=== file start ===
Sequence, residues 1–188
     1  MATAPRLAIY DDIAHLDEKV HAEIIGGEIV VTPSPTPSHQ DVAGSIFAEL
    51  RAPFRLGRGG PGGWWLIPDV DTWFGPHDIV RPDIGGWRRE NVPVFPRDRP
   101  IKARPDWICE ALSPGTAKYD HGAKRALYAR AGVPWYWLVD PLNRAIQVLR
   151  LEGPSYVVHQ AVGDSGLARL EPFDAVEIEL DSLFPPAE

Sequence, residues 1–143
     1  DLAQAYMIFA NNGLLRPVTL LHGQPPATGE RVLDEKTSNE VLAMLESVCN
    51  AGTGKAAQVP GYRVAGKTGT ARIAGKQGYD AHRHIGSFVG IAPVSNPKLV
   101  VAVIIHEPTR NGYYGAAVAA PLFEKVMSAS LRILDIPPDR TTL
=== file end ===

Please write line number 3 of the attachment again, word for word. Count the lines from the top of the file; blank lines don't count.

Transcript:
    51  RAPFRLGRGG PGGWWLIPDV DTWFGPHDIV RPDIGGWRRE NVPVFPRDRP